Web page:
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SACP leader Nzimande rubbishes Zuma's denial of state capture

Former President Jacob Zuma.
Former President Jacob Zuma.
Image: Jackie Clausen

Former president Jacob Zuma's woes are far from over after he suffered another blow for his assertion that state capture is a non-existing term.

This as South African Communist Party (SACP) leader Blade Nzimande accused Zuma of misleading the public and, in particular, the youth.

Speaking at the Cosatu 13th National Congress which elected Zingiswa Losi as its first woman president in Gallagher Estate, Midrand on Tuesday, Nzimande explained: "When you talk about state capture, we also need to understand what we mean by state and revolution. Our state is South Africa [and] is based on our territory, population, national sovereignty and the rule of law, [and] it [is] made up of many institutions over and above just parliament, the executive and the judiciary."

Nzimande's remarks were a response to Zuma who told hundreds of students at the Walter Sisulu University of Technology in Mthatha, Easter Cape last week that the existence of state capture was not true despite the former president setting up the judicial commission of inquiry into state capture earlier this year.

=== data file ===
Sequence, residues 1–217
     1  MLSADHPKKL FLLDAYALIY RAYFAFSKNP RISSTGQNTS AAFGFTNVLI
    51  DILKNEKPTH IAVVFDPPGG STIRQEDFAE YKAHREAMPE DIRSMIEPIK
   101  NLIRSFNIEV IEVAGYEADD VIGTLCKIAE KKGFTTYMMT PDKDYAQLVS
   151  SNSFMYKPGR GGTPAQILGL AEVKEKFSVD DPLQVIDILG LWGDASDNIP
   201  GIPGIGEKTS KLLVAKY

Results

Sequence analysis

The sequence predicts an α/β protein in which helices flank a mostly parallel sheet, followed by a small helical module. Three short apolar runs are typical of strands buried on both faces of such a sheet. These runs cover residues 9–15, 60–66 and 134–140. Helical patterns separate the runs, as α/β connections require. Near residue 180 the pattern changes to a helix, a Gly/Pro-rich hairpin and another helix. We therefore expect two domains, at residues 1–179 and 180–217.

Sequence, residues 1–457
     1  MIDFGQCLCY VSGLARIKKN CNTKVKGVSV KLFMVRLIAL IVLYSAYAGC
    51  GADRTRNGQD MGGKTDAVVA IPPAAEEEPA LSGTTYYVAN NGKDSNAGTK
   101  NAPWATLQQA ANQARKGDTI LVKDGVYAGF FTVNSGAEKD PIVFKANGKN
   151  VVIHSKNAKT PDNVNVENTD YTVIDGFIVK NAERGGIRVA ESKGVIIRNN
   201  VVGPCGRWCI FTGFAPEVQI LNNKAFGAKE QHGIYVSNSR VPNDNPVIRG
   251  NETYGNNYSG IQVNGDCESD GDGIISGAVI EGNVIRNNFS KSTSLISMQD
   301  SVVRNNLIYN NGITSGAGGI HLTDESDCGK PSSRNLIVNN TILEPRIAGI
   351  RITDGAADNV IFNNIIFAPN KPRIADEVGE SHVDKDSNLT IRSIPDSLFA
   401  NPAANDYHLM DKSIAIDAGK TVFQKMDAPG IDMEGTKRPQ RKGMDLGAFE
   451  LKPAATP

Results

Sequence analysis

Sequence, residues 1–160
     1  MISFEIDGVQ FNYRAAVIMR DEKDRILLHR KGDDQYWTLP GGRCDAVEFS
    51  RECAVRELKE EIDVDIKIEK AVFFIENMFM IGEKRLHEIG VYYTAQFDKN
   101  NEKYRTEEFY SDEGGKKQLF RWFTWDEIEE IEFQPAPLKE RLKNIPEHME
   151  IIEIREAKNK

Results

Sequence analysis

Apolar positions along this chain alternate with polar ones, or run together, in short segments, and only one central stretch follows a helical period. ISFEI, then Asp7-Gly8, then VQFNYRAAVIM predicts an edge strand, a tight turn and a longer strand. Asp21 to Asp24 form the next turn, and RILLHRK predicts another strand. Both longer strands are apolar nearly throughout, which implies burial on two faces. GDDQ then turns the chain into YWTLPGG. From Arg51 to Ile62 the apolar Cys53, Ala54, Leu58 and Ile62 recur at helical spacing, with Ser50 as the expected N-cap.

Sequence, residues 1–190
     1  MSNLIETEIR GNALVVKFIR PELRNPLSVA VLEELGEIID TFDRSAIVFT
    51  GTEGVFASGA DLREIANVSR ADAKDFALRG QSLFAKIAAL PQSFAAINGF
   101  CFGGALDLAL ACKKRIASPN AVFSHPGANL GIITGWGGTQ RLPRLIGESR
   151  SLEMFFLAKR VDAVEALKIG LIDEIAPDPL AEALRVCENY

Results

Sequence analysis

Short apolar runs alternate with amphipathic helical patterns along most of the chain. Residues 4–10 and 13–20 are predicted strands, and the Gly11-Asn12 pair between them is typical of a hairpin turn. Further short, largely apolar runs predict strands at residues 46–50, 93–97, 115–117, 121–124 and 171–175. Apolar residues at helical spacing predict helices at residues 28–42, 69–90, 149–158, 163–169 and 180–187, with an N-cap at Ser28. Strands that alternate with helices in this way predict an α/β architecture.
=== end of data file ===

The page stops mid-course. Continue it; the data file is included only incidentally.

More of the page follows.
Zuma told the students that the state is composed of three branches - the executive, parliament and the judiciary - and asked which one of those was captured.

"There is no state that is captured, the judiciary is not captured, parliament is not captured. So where is the state capture? asked Zuma in his address to the students. “There is no state capture in South Africa, there are people who did things to others, but there is no such thing called state capture. Let us not swallow everything that is given to us." 

Without mentioning his name, Nzimande said Zuma was out of order to suggest that all spheres of government needed to be captured in order for state capture to exist.

"In addition, we have state-owned entities, financial institutions and different spheres of government that are exercising state power. We can't say if one component of the state is being corrupted therefore there is no state capture, we must wait for the totality of the state to be corrupted. As the communist party, we are not going to allow these things to be said and confuse young people with things that are wrong."

Zuma appointed deputy chief justice Raymond Zondo to chair the commission currently under way in Parktown, Johannesburg, after a recommendation by chief justice Mogoeng Mogoeng.

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